This is the link to the Form Lead version of this page:

Name *
Email *
Phone *
Add a custom form here to override the default form.
This is the lead form override for "All Communities".


Bouldin Creek is one of the oldest Austin neighborhoods, dating back to the start of the 20th Century. Most of the development took place in the 1920s and 30s. There are a number of historic homes in the area.

Today, Bouldin Creek is a quiet, safe neighborhood for Austinites, especially younger singles, to dine, shop, and enjoy nightlife and nature. The neighborhood has many local businesses and restaurants. It is also conveniently located close to downtown, the hike and bike trail by the lake, and Barton Creek and Zilker Park.

Bouldin Creek is a desirable area to live for many Austinites because of its convenient location and local attractions. The neighborhood offers a wide assortment of local stores, cafes, coffee shops, and restaurants, and is adjacent to the major shopping district of South Congress Avenue.

The neighborhood's central location is walking distance to many of the major attractions of Austin. These include parks and the natural scenery of Lady Bird Lake, the Barton Creek Greenbelt, and Zilker Park. They also include entertainment venues like the Long Center for the Performing Arts, the Palmer Events Center and Butler Park, Auditorium Shores, and the music, dining, and nightlife of downtown Austin.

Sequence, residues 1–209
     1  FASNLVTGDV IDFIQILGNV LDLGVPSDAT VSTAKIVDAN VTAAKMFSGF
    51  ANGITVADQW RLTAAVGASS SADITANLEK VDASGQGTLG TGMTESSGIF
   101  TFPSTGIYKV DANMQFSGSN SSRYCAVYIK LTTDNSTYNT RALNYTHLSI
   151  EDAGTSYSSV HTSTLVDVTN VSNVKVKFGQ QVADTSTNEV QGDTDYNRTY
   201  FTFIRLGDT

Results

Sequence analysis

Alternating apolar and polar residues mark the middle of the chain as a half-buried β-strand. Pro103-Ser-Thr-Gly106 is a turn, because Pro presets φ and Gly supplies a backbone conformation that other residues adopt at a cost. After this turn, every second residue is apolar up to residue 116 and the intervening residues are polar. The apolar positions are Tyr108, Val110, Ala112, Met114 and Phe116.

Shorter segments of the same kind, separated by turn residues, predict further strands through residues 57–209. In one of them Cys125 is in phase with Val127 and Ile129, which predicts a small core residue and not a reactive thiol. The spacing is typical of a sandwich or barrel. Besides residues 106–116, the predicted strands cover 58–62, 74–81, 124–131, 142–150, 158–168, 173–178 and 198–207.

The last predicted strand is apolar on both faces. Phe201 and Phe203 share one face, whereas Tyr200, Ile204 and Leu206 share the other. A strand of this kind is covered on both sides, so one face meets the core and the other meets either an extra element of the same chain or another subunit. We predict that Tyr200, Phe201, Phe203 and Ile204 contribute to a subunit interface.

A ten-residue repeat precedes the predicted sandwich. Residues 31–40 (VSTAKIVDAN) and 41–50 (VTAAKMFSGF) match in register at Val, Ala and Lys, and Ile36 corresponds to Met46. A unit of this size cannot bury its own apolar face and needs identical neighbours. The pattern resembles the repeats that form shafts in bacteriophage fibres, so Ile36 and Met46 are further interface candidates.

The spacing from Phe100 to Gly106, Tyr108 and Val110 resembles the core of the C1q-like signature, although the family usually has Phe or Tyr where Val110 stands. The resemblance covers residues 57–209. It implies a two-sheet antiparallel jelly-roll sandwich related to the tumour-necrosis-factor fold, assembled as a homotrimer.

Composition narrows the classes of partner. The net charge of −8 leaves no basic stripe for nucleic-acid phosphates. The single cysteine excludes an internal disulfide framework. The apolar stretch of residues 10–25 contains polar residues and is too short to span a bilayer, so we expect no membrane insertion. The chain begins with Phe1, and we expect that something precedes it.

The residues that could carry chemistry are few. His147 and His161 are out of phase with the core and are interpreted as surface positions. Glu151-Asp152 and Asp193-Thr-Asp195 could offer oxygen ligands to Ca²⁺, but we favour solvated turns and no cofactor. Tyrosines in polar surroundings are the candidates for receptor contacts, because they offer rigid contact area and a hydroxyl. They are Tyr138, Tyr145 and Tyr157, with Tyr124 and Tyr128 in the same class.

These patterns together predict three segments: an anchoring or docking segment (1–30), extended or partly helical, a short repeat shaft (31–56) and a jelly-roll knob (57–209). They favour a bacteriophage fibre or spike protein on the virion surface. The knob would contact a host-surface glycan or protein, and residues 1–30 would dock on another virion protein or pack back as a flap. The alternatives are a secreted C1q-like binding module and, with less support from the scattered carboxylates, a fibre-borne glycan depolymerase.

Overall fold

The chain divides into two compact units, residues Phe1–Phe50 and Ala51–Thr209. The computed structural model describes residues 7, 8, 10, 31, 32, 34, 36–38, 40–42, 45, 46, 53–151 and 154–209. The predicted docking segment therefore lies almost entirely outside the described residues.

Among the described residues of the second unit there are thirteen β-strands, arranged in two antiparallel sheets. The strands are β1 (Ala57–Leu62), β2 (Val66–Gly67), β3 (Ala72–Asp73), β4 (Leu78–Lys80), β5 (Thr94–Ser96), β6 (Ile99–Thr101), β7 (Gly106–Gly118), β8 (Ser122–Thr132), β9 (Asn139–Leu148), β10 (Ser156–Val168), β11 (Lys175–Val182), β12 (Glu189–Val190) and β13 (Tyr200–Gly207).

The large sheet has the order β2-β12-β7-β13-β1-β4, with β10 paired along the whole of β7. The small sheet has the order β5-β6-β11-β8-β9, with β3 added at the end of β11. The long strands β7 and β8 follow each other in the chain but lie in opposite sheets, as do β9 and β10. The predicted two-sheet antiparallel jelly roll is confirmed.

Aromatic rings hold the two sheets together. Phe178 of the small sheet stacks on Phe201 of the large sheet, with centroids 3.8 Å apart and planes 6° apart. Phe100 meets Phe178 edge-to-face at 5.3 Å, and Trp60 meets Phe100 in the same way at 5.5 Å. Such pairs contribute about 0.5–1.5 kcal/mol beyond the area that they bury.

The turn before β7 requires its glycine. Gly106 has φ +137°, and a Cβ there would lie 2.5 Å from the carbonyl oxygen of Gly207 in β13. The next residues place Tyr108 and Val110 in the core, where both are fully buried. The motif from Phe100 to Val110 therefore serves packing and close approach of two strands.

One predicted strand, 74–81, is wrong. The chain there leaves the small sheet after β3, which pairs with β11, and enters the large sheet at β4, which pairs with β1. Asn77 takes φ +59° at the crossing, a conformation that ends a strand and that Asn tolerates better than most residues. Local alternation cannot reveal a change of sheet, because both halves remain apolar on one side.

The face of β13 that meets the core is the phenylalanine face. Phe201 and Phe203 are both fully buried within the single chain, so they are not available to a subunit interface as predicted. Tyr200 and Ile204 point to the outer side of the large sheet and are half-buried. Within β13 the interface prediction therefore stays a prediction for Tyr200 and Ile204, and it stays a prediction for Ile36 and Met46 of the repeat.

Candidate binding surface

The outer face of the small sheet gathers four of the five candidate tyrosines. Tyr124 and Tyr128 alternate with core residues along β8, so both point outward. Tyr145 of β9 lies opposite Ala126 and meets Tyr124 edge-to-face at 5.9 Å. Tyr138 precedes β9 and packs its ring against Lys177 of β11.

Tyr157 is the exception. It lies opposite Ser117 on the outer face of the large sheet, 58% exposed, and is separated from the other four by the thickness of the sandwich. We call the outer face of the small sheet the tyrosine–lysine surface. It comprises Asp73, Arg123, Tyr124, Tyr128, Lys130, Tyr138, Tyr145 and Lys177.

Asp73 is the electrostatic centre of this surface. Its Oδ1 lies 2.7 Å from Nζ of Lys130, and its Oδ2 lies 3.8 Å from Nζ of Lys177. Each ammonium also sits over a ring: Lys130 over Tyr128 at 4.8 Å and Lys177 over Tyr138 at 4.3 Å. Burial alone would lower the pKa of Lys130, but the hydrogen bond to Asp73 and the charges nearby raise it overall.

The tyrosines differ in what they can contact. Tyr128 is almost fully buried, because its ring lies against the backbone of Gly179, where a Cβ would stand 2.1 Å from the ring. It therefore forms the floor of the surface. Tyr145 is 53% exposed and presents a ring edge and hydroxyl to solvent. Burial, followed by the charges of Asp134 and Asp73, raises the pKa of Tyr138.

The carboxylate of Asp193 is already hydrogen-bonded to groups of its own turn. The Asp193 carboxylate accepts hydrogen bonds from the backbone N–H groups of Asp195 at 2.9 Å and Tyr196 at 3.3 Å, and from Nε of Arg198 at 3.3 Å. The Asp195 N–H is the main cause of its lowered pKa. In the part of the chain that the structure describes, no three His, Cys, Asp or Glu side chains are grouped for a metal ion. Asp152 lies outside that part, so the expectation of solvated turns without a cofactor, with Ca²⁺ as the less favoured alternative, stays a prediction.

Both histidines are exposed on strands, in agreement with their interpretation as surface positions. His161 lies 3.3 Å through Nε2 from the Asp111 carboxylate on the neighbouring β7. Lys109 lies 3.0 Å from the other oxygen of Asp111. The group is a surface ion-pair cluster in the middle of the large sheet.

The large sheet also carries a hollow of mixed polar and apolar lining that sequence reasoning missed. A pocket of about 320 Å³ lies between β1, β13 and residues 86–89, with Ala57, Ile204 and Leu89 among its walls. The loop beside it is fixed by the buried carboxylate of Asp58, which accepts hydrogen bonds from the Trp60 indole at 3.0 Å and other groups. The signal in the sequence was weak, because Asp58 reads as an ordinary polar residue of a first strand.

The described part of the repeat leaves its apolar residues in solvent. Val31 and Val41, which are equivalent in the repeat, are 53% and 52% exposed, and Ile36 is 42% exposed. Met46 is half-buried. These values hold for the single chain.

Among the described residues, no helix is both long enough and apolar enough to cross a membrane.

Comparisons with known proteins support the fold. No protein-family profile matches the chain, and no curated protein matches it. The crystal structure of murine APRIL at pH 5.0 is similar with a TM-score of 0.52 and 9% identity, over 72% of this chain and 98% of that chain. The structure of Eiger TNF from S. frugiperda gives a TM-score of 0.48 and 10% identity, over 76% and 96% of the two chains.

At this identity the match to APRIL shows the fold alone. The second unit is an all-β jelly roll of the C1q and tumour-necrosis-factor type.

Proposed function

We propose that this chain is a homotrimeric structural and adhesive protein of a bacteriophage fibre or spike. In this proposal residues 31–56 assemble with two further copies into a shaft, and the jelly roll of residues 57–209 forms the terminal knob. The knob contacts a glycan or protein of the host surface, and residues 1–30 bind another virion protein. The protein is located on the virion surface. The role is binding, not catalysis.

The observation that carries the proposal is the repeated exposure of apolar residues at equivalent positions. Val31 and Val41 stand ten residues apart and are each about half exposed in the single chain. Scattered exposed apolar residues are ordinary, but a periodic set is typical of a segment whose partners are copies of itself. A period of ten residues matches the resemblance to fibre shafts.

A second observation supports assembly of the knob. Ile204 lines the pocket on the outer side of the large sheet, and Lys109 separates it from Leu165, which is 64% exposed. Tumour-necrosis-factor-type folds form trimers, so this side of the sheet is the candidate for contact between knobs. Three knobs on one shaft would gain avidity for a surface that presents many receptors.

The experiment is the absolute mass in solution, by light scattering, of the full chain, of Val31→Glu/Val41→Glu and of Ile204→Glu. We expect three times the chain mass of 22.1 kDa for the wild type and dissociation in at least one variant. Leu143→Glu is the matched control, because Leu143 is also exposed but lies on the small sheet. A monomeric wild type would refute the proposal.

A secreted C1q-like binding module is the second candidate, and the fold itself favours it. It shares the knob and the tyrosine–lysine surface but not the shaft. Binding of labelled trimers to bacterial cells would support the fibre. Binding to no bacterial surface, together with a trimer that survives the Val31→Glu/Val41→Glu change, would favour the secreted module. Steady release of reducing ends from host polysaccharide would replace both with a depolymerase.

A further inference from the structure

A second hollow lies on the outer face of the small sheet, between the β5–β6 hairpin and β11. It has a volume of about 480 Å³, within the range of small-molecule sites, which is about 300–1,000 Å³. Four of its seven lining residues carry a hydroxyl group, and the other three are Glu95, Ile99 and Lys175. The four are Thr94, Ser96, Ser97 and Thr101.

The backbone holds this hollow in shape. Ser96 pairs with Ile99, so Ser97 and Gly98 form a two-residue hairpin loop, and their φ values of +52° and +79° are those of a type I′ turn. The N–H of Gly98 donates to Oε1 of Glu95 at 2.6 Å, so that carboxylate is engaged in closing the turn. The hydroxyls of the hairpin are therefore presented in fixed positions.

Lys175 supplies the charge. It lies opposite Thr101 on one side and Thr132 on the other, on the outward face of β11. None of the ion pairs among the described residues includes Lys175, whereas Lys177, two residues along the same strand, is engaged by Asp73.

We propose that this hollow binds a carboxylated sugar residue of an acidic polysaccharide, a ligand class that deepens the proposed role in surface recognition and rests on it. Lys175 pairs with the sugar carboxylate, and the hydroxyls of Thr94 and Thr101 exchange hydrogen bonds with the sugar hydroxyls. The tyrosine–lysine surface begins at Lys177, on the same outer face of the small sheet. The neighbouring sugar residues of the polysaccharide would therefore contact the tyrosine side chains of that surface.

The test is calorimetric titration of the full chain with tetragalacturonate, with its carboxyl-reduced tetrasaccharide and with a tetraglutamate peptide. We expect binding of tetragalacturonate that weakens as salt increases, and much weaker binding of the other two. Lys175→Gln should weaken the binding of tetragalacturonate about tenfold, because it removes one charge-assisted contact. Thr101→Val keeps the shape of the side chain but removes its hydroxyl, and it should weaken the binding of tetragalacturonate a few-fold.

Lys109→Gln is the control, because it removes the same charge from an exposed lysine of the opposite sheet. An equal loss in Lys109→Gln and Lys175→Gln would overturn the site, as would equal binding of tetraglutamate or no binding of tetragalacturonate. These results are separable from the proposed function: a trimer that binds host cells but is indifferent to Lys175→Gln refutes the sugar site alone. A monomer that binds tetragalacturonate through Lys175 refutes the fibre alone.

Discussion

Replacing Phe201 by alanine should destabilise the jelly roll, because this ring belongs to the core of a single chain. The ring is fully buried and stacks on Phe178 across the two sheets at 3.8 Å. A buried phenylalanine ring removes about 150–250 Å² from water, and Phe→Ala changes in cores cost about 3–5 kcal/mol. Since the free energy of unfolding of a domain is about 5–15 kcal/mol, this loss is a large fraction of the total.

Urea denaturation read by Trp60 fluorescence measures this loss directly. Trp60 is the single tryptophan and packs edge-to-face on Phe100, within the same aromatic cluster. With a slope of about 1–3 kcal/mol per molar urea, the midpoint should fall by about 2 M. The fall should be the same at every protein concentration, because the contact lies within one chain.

Despite its closeness to downtown, Bouldin Creek remains a quiet, relatively safe residential neighborhood where residents can walk or bike along the streets. It's not neighborhood with a lot of kids and large families, but rather a place where students, artists, and hipsters enjoy the Austin scene.

The neighborhood has a distinct character, based in part on its long history. For example, the building occupied by the Green Pastures Restaurant was the boyhood home of famous Austin activist John Henry Faulk, built in 1894.

Neighborhood businesses include the Soup Peddler, which offers bicycle delivery of soups and entrees and was founded by a former high-tech worker, who exchanged his cubicle for a bicycle and a three-wheeled cooler.

The neighborhood retains vestiges of its former ethnic character with several black churches and a large Hispanic population. The residents include a higher than average percentage of singles and range from young professionals to older Austin hippies.